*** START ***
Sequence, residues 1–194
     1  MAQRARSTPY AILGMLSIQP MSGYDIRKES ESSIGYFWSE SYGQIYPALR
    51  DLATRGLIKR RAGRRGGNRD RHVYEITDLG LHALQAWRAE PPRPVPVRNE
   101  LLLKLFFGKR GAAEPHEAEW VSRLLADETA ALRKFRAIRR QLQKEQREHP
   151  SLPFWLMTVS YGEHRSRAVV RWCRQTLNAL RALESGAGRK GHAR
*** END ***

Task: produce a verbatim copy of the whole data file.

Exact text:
Sequence, residues 1–194
     1  MAQRARSTPY AILGMLSIQP MSGYDIRKES ESSIGYFWSE SYGQIYPALR
    51  DLATRGLIKR RAGRRGGNRD RHVYEITDLG LHALQAWRAE PPRPVPVRNE
   101  LLLKLFFGKR GAAEPHEAEW VSRLLADETA ALRKFRAIRR QLQKEQREHP
   151  SLPFWLMTVS YGEHRSRAVV RWCRQTLNAL RALESGAGRK GHAR